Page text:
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A record pace of home foreclosures is taking its biggest toll on blacks and Hispanics. Did big lenders conduct a new kind of housing discrimination by pushing sub-prime loans to minorities hoping for a piece of the American dream? Also, violence surrounds Afghanistan's presidential election, and  combat soldiers have a tough time handling emotions. Can they handle emotional training? We hear about a new program for the entire US Army.

Banner image: Mia Dennis,Brandon Brown and Sylvester Thomas in their foreclosed home. Photo: Joe Raedle/Getty Images

Sonya Geis
Frances Anderton
Rebecca Mooney

Making News Violence Surrounds Afghanistan's Election 7 MIN, 21 SEC

With Afghans scheduled to go to the polls tomorrow for a presidential election, the Taliban says suicide bombers will create bloody havoc in Kabul, the capital city. The threat already has been made real. Jonathan Landay is senior national security correspondent for the McClatchy Newspapers.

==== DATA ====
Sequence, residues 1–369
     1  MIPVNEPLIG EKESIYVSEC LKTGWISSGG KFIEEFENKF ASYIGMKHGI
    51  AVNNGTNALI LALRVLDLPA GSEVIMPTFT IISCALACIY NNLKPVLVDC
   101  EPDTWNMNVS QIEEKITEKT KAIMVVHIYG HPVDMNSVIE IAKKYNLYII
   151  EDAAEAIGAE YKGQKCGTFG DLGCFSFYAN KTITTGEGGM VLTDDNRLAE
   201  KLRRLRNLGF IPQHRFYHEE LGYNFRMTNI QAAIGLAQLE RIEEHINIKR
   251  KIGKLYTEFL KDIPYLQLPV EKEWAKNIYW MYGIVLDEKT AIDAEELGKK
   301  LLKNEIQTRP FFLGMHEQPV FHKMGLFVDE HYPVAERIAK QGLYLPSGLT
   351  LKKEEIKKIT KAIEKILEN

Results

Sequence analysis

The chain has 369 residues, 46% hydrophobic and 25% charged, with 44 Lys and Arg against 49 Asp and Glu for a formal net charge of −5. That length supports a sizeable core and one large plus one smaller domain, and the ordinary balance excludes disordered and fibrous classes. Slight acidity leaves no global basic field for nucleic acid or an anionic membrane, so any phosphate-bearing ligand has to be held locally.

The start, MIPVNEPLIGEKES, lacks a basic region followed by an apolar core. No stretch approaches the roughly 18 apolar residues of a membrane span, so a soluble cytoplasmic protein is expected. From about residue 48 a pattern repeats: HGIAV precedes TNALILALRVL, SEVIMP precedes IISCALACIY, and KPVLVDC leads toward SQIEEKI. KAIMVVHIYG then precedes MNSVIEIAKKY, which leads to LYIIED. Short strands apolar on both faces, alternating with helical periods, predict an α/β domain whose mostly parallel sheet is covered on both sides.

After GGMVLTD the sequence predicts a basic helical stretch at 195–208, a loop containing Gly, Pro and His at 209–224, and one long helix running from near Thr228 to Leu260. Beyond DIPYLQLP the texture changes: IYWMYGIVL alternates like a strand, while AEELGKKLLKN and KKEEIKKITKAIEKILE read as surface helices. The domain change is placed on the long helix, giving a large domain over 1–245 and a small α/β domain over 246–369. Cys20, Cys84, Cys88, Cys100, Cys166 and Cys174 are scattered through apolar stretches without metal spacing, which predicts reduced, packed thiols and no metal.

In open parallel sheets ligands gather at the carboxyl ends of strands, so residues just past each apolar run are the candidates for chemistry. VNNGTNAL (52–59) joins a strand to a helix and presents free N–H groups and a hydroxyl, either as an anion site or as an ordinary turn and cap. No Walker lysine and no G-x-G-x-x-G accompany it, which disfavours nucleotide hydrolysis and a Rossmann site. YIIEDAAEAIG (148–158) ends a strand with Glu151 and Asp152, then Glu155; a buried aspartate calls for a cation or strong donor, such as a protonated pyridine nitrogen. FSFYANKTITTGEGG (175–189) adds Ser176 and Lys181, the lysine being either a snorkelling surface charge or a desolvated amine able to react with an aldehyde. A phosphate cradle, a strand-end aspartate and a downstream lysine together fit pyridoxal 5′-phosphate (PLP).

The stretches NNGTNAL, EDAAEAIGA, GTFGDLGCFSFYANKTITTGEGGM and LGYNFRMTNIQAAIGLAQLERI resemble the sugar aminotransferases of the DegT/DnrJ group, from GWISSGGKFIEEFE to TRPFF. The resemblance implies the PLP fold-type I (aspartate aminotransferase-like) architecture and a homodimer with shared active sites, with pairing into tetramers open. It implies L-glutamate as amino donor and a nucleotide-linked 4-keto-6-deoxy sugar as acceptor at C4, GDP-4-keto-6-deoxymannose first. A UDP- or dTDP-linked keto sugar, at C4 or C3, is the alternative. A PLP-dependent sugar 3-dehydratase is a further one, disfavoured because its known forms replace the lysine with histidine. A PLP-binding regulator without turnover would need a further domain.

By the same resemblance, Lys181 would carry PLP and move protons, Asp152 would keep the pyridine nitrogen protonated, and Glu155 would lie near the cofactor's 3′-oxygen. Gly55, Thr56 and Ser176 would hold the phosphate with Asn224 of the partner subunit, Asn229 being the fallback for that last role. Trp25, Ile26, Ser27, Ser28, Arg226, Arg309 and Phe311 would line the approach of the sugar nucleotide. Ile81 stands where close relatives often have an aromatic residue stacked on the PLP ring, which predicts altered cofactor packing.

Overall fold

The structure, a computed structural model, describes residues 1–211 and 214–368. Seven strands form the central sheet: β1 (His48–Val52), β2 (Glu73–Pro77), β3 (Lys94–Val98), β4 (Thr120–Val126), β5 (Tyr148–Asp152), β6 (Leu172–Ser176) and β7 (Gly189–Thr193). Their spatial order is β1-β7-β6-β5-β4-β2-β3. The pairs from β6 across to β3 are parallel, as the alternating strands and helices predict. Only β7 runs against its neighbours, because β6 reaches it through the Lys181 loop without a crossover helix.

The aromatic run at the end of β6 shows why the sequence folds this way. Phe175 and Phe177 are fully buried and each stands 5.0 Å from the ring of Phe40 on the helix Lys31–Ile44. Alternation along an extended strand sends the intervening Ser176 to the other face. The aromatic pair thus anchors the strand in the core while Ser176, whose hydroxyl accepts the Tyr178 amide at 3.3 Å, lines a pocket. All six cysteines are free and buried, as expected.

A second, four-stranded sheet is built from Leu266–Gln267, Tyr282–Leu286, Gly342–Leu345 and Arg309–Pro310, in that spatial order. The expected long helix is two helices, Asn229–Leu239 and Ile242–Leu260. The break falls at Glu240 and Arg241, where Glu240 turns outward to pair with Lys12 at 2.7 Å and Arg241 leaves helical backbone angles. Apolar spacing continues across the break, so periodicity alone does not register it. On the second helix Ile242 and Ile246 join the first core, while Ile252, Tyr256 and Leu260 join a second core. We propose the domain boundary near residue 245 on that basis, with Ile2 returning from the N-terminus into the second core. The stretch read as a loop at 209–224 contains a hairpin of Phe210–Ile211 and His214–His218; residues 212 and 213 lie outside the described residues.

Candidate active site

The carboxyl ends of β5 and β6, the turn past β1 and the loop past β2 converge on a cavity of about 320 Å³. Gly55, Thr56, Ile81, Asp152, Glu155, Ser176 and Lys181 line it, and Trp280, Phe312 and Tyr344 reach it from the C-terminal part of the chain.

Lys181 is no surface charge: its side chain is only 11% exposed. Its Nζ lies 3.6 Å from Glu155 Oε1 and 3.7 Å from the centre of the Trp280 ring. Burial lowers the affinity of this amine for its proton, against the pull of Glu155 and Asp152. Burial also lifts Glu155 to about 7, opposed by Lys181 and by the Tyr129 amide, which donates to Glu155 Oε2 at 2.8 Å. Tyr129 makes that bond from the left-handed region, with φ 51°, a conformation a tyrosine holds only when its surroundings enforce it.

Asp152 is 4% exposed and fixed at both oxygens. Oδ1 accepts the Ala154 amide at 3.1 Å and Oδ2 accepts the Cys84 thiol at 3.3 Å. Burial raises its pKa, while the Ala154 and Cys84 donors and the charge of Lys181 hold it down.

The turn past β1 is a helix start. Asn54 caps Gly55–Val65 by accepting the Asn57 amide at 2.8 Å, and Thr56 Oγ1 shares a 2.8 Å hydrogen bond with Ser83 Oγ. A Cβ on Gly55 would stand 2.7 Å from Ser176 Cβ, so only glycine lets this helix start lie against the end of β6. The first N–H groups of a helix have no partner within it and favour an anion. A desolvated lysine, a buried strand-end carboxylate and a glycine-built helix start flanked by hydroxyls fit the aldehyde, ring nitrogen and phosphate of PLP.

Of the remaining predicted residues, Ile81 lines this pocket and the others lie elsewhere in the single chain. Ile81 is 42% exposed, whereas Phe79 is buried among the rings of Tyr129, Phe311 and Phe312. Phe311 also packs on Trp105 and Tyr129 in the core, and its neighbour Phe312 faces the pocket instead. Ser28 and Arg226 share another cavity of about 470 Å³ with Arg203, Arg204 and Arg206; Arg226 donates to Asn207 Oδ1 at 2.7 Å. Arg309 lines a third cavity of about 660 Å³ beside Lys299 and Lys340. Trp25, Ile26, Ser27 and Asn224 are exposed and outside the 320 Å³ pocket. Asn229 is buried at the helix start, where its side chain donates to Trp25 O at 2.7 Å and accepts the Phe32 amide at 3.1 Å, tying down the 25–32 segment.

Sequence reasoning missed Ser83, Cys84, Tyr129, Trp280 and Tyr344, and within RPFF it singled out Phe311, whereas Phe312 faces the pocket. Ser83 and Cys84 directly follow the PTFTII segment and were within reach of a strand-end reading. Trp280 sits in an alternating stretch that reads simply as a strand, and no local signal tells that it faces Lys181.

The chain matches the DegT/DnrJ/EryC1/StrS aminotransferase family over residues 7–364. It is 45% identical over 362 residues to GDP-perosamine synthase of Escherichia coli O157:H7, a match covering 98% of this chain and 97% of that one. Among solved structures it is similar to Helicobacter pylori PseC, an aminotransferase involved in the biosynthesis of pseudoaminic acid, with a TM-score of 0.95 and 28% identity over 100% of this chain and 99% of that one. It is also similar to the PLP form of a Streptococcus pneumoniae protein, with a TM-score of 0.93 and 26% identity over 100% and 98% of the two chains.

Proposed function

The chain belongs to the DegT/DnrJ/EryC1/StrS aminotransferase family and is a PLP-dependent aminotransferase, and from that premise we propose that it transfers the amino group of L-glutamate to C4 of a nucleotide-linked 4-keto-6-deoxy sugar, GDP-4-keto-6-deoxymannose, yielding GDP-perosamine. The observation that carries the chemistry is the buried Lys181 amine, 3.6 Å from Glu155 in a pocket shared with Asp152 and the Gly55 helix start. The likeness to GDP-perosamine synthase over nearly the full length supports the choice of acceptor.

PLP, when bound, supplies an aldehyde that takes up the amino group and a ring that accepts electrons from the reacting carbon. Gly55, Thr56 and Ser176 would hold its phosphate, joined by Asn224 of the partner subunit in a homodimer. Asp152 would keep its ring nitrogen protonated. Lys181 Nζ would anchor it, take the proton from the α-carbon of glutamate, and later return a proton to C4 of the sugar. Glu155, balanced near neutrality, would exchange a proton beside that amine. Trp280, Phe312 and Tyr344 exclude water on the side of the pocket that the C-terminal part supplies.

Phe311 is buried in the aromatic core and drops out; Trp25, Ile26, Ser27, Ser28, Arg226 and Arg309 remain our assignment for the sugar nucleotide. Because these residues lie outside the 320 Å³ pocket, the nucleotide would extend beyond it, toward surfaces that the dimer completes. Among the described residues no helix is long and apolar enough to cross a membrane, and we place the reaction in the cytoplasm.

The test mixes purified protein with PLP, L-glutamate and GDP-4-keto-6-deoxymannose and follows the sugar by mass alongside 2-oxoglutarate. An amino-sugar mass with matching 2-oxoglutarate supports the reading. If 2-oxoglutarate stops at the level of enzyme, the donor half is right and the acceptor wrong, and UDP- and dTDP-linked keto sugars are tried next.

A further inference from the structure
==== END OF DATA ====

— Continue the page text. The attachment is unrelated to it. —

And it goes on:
Jonathan Landay, Reuters (@JonathanLanday)

Main Topic The Dream of Home Ownership Is Becoming a Nightmare 35 MIN, 35 SEC

Home foreclosures are setting records, with almost one-quarter of mortgage holders owing more than their homes are worth in the current market. Big banks were the main cause of the housing crisis, but they're resisting demands that they re-negotiate loans that are "under water." The hardest hit are racial minorities, especially women. There's evidence that they were targeted for sub-prime loans even when they could afford better deals. What will this mean for the black and Hispanic middle classes?  Is there any hope from Obama Administration?

John Taylor, National Community Reinvestment Coalition
Kai Wright, The Nation / Colorlines (@kai_wright)
Gary Acosta, Co-founder, National Association of Hispanic Real Estate Professionals
Thomas Sugrue, Professor of History and Sociology, University of Pennsylvania

Reporter's Notebook Emotional Resiliency Training for Military 7 MIN, 27 SEC

Can the Army accept training in how to handle emotions? Chief of Staff General George Casey says he's not sure, but classes are set to begin for 1500 sergeants. Depression, post-traumatic stress disorder and suicide are just some of the issues facing about one-fifth of the soldiers returning from Iraq and Afghanistan. Now the Army plans to require training in emotional resiliency for all of its 1.1 million personnel. Benedict Carey reports for the New York Times.

Benedict Carey, New York Times (@bencareynyt)


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